Commissioner Michelle Williams and Mayor Joseph U. Meyer both expressed concern over the amount of money raised, compared with the amount of money that may be needed to fund staff. For instance, they asked, what if people don’t pay their new tax? That would require someone to collect it.

And what, the Mayor asked, if the PVA mis-classified a property as commercial, and asked the owners to pay the new tax? It would require an appeal process.

No action was required on the presentation Tuesday night. The Business Council just wanted to provide a progress report on their plans.

“I think this is exciting for the city, and the excitement shouldn’t stop,” said Commissioner Denny Bowman.

RFPs for West Covington Fire Station 

Commissioners heard a proposal to authorize a Request for Proposals for a Covington Fire Station Site and Facilities Study.

The city received a grant through the State Department of Local Government for $300,000, which will be used for the West Covington Fire Station property acquisition including, but not limited to:

purchase of the property for the construction of a new fire station 

a study to determine potential sites

GIS mapping of the district to be served

any additional site work necessary prior to purchase of the property, 

surveying, legal research and preparatory documentation

consulting from an architect

Responses must be submitted by: 10 a.m., April 25, 2019.

Parts of Audubon Road Vacated

Commissioners heard a proposed ordinance to vacate a portion of Audubon Road that is no longer a right of way due to construction of Devou Golf & Event Center.

“When the city constructed the Devou Golf & Event Center, a portion of Audubon Road was closed,” city documents say. “The event center was partially built on top of this previously designated right of way.” Planning and Development Services has requested that the city officially vacate the portion of Audubon Road. The city is the only landowner abutting the road and “all relevant access points for nearby property owners will be unaffected.”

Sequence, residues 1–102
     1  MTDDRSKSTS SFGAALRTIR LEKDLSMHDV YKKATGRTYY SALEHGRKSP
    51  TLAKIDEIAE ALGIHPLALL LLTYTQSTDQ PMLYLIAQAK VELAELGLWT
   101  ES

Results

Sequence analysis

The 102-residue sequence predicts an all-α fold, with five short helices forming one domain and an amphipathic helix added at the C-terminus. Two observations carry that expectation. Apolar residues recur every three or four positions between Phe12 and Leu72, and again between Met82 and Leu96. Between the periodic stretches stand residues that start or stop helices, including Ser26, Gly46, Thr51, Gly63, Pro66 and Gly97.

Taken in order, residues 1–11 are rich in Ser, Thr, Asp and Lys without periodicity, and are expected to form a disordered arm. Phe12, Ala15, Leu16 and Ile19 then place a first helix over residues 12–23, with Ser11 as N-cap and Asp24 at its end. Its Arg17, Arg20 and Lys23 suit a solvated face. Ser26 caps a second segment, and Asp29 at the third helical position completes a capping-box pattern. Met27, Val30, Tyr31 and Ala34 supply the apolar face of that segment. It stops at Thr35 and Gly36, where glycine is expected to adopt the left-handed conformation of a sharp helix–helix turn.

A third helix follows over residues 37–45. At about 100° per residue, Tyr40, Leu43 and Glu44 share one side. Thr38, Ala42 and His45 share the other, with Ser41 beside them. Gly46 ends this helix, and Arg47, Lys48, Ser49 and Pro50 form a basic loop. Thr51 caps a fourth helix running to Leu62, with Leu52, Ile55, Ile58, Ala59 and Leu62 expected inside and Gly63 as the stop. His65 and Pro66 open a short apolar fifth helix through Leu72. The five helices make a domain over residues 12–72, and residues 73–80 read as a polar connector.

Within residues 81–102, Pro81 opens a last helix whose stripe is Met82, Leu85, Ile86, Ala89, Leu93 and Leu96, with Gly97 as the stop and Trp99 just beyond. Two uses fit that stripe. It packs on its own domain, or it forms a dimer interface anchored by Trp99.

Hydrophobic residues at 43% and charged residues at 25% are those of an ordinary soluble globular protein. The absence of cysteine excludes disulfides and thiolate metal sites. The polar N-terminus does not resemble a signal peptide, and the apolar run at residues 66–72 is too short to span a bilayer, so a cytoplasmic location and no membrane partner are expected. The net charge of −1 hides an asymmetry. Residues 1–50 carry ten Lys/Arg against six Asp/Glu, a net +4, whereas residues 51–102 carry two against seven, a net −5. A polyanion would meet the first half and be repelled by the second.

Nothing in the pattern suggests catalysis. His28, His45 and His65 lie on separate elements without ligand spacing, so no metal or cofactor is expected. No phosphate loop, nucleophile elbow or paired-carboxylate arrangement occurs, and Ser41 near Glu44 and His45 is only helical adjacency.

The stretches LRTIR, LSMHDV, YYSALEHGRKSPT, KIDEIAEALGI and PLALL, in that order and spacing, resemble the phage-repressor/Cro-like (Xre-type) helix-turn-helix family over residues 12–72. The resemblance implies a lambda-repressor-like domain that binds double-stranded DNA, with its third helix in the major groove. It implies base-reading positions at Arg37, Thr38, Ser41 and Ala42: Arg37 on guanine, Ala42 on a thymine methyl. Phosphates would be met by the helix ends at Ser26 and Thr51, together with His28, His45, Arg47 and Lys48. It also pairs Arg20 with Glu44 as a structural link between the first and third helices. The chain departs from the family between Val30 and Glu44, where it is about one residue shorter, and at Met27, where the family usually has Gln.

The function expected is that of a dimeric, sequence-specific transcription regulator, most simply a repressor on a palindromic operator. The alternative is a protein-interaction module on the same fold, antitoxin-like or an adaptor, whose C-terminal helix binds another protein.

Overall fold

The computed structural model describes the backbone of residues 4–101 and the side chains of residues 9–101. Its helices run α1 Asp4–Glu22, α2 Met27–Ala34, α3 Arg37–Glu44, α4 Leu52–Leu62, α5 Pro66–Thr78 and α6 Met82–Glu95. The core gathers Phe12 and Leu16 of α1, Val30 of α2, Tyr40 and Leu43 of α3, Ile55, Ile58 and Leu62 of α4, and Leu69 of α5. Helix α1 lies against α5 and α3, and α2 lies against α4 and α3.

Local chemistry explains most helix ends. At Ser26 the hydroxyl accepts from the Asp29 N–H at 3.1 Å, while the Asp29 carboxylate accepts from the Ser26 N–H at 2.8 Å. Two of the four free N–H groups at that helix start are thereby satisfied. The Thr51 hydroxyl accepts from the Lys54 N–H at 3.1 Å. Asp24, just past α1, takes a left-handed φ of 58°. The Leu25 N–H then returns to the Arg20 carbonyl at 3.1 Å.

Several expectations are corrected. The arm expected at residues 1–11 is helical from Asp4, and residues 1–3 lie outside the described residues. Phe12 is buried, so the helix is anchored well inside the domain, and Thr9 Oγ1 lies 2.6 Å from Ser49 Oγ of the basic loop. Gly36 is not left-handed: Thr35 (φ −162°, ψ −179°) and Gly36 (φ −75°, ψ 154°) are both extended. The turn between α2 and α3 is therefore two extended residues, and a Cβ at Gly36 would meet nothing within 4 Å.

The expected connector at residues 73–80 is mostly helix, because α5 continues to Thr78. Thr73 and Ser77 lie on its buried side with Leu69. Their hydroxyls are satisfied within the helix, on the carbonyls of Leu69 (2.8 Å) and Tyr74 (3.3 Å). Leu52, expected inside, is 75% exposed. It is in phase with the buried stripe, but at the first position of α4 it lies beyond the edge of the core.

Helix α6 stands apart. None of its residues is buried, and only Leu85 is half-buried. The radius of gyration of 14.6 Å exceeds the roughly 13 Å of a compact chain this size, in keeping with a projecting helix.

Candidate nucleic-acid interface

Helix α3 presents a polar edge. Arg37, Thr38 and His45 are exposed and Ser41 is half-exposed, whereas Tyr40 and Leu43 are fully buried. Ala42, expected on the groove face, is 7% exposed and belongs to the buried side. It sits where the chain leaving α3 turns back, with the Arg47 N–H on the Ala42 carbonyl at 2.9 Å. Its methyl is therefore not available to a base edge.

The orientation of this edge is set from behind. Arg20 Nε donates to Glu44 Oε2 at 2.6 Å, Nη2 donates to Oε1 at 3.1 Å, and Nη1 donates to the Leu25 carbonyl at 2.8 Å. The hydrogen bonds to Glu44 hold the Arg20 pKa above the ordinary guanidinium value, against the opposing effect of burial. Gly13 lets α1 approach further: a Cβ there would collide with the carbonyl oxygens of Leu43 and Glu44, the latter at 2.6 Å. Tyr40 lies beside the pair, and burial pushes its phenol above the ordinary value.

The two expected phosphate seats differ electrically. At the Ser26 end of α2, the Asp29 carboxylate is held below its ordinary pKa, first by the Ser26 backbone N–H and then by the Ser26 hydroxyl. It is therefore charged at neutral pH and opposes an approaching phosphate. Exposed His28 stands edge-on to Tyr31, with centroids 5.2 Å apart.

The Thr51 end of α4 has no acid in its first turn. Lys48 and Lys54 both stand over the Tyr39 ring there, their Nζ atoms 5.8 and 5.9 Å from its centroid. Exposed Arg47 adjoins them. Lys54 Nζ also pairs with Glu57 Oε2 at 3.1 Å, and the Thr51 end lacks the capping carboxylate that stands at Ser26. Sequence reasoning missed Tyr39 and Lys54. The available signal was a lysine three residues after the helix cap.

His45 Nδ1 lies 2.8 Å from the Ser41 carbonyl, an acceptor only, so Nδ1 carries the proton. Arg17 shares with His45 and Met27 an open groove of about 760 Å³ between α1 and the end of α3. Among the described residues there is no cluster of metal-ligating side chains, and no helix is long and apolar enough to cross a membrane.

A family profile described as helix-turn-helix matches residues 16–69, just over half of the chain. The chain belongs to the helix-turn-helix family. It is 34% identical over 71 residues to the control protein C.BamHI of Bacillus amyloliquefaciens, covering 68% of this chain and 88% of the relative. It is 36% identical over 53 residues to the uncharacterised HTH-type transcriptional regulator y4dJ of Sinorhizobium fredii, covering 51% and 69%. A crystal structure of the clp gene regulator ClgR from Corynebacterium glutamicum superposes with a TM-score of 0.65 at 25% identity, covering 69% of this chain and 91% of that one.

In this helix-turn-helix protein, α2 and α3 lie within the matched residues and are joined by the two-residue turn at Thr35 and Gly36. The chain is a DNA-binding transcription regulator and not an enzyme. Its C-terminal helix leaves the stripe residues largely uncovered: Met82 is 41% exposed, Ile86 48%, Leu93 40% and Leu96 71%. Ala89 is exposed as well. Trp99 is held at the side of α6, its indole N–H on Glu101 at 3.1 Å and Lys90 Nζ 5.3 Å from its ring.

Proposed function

The proposal will undergo a first reading Tuesday.

Moody’s Upgrades City Rating

City Manager David Johnston thanked City staff Tuesday after last week’s announcement that Moody’s Investors Service upgraded the city’s credit rating, and also gave Covington a “positive outlook” going forward.

Moody’s applauded the city’s “stronger financial management, conservative budgeting, and strategic moves to better manage operations,” and upgraded Covington to A2 from A3. “This is a team effort,” Johnston said.

Beyond the Curb

Jill Morenz, Director of Community Initiatives and Communications for The Catalytic Development Funding Corp. of Northern Kentucky, told the Commission that the Beyond the Curb Living Tour 2019 will focus on Covington’s MainStrasse Village.

The tour will take place from 10 a.m. to 4 p.m., April 28. 

Find more information here.

Also Tuesday … 

Following the immediate conclusion of the Commission meeting, a public hearing was held regarding an amendment to a TIF ordinance. No one showed up to speak.

The next regularly scheduled Covington Commission meeting will be a legislative meeting held at 6 p.m., April 9, at the Covington City Hall at 20 West Pike St.

Contact the Northern Kentucky Tribune at news@nkytrib.com